Shares of Facebook, the world’s most popular social web site, can be traded even though it isn’t a public company. The place to do that is, which provides a market for so-called “illiquid assets.”

Unlisted shares are fairly common. Many companies issue shares to their employees even though the company itself is not publicly listed for trading. The reasons are simple enough: they want to reward accomplishments and provide

incentives for the day when the company goes public. Of course, many companies never go public. So what can you do with the shares? It turns out they may be worth something after all.

Shares of Facebook recently traded on SecondMarket for $50 apiece, which a little arithmetic puts the company’s value at $25 billion. That’s more than Yahoo and ten times more than AOL. (Facebook’s privately traded shares have doubled since December.)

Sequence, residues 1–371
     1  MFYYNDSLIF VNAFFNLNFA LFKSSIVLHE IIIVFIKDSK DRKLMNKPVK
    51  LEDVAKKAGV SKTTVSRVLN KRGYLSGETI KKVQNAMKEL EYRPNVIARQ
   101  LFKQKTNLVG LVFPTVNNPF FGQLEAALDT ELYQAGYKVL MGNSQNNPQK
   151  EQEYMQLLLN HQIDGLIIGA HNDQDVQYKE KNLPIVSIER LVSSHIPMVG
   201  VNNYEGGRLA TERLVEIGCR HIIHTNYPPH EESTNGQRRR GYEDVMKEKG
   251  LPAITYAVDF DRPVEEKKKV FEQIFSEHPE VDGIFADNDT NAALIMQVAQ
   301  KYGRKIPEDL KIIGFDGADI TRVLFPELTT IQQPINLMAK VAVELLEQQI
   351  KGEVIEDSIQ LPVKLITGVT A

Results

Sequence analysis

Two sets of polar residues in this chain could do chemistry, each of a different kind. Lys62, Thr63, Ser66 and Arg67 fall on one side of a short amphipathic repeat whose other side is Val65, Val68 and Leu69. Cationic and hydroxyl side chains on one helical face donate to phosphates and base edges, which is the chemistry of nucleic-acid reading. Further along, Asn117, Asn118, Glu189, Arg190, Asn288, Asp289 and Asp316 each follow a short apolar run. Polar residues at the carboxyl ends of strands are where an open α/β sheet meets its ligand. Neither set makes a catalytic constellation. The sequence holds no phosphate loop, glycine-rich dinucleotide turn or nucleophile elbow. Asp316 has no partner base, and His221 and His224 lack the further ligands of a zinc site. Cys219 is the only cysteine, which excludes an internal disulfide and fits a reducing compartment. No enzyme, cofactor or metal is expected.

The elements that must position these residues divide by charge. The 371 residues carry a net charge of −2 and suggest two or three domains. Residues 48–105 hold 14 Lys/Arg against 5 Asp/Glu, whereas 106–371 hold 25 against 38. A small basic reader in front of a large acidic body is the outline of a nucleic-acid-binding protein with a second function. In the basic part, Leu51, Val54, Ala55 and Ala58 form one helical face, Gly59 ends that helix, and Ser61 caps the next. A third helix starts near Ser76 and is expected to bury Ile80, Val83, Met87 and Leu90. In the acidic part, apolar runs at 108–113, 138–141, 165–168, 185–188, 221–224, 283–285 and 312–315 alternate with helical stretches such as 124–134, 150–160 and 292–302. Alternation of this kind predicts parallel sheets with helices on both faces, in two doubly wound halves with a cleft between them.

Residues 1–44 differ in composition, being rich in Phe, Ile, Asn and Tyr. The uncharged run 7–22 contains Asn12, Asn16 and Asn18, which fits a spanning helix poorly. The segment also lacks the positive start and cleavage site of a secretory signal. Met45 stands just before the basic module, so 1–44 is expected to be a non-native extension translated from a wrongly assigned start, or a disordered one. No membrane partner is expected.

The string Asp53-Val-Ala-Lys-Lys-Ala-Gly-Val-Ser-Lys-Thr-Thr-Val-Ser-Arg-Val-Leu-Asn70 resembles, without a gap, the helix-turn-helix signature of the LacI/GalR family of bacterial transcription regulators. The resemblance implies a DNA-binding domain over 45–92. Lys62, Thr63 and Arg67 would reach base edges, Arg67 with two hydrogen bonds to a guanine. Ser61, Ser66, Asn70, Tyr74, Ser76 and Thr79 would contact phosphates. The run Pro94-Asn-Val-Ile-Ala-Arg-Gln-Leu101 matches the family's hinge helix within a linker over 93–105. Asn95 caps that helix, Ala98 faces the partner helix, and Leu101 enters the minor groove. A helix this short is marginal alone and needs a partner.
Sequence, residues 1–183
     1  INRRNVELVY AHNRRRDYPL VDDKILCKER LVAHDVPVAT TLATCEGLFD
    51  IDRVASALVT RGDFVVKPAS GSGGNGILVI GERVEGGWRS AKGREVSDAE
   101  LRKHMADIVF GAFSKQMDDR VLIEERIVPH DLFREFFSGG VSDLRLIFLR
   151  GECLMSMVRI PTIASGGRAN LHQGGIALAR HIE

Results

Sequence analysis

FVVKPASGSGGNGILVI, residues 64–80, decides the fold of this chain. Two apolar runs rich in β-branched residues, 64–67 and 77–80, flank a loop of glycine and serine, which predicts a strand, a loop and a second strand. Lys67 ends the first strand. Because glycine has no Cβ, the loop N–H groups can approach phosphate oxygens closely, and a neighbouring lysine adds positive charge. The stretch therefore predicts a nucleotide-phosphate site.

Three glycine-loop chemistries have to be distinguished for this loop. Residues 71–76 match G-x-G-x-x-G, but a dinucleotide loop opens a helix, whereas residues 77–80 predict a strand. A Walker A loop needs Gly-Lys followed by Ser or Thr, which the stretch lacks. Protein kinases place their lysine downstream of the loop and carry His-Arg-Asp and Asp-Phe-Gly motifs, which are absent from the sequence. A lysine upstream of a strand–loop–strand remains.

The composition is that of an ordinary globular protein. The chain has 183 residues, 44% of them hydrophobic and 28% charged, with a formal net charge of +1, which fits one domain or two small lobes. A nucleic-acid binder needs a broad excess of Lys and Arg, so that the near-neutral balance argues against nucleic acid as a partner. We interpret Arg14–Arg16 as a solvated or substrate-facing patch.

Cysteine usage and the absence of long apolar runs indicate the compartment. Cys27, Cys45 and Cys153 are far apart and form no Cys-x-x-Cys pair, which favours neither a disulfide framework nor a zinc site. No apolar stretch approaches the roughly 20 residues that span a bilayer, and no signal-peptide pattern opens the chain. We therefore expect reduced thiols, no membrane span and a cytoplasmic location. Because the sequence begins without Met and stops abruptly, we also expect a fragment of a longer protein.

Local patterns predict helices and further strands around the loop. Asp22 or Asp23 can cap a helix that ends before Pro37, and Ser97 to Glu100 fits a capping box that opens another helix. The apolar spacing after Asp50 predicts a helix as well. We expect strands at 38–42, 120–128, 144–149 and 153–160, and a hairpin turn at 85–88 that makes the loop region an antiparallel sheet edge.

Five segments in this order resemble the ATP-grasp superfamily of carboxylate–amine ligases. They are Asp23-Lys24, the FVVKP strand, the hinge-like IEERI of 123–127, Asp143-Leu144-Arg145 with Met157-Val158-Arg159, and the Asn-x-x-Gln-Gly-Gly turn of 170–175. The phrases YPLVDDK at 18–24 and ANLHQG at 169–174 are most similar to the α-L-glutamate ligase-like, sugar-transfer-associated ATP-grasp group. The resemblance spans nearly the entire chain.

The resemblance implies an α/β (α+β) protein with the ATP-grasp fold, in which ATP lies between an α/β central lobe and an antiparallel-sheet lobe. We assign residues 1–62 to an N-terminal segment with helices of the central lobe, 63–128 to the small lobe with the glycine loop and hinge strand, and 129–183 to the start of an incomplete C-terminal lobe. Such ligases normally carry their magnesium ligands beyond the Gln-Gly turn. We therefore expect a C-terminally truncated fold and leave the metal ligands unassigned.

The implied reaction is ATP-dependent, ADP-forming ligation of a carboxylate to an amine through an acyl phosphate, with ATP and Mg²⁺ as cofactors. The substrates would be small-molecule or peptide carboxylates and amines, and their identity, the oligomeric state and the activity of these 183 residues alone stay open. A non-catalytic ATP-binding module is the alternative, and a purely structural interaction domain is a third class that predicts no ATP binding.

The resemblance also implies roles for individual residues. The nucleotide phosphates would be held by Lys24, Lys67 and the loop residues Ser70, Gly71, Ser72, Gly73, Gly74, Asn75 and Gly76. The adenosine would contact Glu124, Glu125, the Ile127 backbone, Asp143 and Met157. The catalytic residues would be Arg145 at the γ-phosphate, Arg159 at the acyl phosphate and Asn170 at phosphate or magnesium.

Such off-market trading tends to be thin and difficult to track. Demand often outpaces supply. Nevertheless, real money changes hands.

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